After the crash, the Boston-based investment firm CrossHarbor Capital Partners bought the Yellowstone Club out of bankruptcy in 2009, and partnered with Boyne Resorts, which owns Big Sky Resort, to purchase the area’s other two private residence clubs, Moonlight Basin and Spanish Peaks, in 2013. CrossHarbor has developed, constructed and sold more than $3.13 billion of real estate in the area, and through its affiliate, Lone Mountain Land Company, it has invested millions into public and private infrastructure, as well as community services including affordable and employee housing. Each of the clubs also has a community foundation, and together they give around $1 million annually, as of 2018, to support public education, community health, food security, conservation, the arts and other services.
This kind of support is crucial for Big Sky, an unincorporated community with no local government, that’s instead managed by a group of special districts, homeowner associations and nonprofits.
Boyne, too, is investing in upgrades. From a $13 million renovation of the base area hub to adding new ski terrain and mountain bike trails, and with a massive upgrade to the chairlift system in progress, the plan to transform Big Sky into a world- class, year-round destination by 2025 is well underway.
Deemed essential in Montana, construction and real estate continued through the shutdown: The Montage Big Sky, a $400 million, five-star hotel and residence in Spanish Peaks, is still scheduled to open in 2021, and a new $20 million community center broke ground this spring in the Town Center, along with numerous residential construction projects.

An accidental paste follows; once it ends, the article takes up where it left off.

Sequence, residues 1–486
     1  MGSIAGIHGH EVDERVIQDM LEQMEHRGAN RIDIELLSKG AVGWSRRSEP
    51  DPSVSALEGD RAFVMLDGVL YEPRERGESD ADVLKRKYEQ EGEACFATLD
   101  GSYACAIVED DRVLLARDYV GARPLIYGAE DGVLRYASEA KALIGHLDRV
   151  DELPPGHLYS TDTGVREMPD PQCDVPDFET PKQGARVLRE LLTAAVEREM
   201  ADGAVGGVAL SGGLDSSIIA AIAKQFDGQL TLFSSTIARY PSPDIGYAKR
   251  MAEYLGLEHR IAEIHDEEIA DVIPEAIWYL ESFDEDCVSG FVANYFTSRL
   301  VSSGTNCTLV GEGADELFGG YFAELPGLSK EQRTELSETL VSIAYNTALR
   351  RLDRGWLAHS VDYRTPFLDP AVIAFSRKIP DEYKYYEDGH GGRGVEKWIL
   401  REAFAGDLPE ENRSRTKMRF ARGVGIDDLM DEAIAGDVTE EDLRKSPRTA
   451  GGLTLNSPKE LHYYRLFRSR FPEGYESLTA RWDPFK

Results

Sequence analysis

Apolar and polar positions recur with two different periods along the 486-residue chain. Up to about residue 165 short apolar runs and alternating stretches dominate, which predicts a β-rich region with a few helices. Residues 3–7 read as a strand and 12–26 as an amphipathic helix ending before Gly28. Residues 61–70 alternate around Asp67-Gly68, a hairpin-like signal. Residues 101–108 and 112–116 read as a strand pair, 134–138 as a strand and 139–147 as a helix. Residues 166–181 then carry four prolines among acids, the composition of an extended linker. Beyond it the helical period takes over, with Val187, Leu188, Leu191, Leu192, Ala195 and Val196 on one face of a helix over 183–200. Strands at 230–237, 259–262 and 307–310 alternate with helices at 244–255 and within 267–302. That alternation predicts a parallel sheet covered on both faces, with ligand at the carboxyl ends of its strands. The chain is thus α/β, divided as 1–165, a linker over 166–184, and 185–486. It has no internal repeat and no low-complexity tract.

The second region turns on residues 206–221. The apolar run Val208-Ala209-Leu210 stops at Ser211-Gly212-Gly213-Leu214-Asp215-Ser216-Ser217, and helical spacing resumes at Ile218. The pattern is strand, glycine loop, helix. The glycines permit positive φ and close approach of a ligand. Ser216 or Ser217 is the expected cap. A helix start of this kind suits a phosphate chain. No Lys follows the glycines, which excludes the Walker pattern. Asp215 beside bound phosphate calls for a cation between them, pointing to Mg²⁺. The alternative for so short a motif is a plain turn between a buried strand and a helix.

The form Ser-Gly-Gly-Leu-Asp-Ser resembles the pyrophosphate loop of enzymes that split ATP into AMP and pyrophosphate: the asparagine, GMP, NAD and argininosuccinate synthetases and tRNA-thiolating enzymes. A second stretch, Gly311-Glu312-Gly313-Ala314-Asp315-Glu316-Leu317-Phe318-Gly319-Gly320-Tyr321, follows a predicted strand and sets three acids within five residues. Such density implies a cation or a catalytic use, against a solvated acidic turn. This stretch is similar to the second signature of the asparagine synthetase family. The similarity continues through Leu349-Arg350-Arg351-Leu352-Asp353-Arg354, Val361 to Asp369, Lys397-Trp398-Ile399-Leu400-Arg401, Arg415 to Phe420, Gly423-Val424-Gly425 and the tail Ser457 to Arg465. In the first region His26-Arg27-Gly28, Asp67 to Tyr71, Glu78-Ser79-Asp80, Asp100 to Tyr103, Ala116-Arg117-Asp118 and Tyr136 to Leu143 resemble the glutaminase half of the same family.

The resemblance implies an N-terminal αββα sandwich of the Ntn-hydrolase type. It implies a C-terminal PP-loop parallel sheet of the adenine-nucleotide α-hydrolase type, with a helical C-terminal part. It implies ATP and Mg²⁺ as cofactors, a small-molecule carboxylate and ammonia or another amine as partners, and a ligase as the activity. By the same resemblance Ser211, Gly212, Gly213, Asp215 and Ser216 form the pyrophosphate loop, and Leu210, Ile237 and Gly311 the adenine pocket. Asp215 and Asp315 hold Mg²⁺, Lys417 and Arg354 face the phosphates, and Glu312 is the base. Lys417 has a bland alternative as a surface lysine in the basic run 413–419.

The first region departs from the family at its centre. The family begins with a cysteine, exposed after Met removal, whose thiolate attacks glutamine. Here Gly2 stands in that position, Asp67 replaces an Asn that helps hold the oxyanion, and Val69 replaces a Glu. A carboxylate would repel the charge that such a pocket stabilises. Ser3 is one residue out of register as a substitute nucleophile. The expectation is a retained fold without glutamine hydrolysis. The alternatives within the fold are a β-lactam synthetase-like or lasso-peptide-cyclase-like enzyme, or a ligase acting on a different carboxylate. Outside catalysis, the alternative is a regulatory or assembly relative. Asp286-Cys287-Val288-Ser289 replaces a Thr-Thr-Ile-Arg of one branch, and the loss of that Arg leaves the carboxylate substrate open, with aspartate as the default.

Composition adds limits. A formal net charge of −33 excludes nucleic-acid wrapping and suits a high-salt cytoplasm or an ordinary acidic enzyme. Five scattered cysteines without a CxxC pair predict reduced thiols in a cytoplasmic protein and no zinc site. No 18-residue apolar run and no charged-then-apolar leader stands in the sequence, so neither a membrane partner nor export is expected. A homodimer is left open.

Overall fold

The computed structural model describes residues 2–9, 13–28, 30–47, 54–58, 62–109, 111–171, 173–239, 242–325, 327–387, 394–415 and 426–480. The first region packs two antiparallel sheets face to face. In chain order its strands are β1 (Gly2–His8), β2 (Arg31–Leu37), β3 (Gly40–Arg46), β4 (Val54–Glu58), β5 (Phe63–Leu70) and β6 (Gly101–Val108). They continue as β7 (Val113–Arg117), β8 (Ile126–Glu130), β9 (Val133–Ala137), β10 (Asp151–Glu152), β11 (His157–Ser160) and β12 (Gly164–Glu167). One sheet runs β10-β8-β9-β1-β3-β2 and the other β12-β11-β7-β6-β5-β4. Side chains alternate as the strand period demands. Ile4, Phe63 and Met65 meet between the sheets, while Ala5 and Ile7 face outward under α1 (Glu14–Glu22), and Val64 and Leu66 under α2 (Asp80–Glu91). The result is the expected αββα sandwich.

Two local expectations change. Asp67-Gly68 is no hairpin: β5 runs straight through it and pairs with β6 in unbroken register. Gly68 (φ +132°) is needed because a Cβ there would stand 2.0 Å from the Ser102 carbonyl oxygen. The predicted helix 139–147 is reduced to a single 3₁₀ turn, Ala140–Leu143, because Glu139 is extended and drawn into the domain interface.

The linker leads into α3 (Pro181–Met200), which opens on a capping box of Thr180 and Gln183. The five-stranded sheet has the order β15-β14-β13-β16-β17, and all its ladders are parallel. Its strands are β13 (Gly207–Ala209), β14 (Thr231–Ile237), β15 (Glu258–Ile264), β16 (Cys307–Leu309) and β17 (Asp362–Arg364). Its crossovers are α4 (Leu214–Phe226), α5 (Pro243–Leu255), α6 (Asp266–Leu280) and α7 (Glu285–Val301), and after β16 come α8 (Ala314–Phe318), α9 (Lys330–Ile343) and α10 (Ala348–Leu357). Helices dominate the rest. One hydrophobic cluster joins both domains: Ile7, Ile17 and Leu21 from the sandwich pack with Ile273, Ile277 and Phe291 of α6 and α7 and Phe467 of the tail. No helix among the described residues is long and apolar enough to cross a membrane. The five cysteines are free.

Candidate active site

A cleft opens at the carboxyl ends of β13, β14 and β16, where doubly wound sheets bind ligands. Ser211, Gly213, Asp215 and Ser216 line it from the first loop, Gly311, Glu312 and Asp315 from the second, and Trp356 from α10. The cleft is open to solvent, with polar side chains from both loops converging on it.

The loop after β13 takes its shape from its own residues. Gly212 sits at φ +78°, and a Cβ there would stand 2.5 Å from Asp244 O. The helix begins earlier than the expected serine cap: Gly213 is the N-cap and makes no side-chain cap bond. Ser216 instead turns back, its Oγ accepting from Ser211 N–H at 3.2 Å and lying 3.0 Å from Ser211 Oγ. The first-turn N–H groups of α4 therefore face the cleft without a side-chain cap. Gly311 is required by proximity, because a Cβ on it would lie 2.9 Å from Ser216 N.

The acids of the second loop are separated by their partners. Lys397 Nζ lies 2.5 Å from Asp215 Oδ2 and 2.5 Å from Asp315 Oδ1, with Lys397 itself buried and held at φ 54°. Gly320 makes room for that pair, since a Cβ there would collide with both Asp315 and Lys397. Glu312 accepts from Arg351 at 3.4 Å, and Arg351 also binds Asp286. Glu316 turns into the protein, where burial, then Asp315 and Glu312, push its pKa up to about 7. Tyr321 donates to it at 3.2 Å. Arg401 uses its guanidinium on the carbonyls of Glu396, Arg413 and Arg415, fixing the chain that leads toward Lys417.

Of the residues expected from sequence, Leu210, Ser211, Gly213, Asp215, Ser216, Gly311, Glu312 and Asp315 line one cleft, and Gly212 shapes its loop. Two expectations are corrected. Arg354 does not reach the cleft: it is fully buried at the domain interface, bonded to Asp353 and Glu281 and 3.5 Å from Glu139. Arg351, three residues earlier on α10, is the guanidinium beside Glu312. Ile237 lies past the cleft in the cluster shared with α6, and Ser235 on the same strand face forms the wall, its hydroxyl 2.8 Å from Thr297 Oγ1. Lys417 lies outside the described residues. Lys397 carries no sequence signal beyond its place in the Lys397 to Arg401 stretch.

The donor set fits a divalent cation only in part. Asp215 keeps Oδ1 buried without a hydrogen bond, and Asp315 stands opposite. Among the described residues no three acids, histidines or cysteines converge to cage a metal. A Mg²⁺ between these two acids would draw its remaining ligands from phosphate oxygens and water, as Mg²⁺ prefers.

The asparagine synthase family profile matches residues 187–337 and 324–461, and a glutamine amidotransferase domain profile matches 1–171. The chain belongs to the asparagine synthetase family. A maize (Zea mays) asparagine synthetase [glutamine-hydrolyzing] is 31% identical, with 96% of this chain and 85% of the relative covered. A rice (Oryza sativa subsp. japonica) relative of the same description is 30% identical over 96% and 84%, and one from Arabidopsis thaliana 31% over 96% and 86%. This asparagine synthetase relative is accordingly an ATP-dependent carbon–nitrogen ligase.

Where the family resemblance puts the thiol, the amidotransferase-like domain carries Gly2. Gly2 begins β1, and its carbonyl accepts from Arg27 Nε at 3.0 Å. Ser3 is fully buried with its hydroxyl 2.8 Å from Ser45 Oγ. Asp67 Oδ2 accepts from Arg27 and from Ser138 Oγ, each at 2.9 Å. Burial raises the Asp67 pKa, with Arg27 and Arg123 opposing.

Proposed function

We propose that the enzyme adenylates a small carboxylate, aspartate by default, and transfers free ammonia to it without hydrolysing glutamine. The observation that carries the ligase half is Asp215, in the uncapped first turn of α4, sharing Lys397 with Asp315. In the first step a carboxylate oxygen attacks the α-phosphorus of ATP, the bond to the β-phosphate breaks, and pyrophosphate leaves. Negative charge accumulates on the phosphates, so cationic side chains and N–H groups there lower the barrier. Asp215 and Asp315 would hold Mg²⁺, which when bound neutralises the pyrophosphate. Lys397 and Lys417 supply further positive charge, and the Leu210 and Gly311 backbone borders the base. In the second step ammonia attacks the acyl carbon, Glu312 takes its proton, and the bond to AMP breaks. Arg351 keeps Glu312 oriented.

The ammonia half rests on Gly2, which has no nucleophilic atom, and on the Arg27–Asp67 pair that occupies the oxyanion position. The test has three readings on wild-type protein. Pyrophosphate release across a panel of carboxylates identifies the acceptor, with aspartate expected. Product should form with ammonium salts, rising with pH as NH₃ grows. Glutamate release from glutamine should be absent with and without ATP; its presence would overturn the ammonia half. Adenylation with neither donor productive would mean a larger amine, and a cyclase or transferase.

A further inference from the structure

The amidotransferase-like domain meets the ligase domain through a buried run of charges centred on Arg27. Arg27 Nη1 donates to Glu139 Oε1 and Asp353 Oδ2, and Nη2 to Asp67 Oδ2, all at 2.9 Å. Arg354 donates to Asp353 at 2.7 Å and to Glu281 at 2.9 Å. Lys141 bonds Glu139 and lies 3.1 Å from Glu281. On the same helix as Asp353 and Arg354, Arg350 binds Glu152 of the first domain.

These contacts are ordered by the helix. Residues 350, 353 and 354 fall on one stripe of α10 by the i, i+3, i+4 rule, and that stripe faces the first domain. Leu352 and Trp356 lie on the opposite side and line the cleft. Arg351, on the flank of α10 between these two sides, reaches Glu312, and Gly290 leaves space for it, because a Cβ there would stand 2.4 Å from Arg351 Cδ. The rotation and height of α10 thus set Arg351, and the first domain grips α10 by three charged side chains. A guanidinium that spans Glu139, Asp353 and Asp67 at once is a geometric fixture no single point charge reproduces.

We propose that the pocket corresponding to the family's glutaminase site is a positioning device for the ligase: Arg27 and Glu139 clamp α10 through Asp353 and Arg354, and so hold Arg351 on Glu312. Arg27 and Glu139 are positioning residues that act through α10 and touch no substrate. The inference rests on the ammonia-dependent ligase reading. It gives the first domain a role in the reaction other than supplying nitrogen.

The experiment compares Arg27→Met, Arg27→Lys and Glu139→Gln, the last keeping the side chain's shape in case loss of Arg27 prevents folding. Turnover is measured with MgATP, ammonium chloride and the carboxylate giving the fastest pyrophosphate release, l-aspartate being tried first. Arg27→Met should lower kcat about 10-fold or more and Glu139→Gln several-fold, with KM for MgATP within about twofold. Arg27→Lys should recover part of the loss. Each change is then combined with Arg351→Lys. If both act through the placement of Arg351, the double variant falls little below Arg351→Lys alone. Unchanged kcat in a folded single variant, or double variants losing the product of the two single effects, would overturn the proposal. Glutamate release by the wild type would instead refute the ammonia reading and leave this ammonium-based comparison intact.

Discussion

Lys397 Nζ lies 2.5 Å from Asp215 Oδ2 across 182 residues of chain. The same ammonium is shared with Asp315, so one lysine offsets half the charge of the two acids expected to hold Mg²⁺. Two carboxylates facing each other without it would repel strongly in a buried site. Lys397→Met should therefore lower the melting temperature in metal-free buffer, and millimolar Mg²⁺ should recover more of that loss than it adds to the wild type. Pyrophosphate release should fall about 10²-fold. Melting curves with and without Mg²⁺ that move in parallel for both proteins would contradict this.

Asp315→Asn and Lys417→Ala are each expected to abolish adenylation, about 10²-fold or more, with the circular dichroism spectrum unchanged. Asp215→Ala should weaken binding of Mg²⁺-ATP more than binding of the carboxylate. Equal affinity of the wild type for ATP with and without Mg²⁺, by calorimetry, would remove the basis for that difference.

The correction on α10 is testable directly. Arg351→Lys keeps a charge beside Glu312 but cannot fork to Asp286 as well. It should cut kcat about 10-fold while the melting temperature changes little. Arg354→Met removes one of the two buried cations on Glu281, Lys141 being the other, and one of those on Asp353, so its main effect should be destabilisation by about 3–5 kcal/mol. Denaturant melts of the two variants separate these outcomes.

Big Sky is a little over halfway built out, according to Tallie Lancey, a broker with Big Sky Sotheby’s International Realty. Given that it is, in a sense, an island of developable property surrounded by public land, supply is a finite resource. Though, being earlier in its life cycle than other world-class mountain resorts like Jackson or Telluride, entry points will always be less expensive than those found in veteran competitors, Lancey said.
Even so, Lancey discourages clients from buying into Big Sky solely as a monetary investment. She cut her teeth on foreclosures and short sales here during the Great Recession, when Big Sky, itself, was also coming of age. She has since brokered the two highest dollar residential transactions in Big Sky outside of the Yellowstone Club, notably closing on the more expensive of the two during March’s shutdown.
“[When] people ask if prices are going to come down, I say, ‘I don’t know. But ask yourself this: Do you want to buy in Big Sky before or after the Montage opens its doors, before or after [the Swift Current Chairlift] gets replaced with a 6-person high- speed bubble, before or after the pedestrian tunnel goes in and connects our two parks, before or after the community center gets built, or the water and sewer gets an upgrade?’ And then they go, ‘Oh! Before.’”
Lancey, who studied philosophy in college, says she often wonders what constitutes a good investment. “Does it mean your asset appreciates, or your lifestyle improves? The fundamentals are the same.”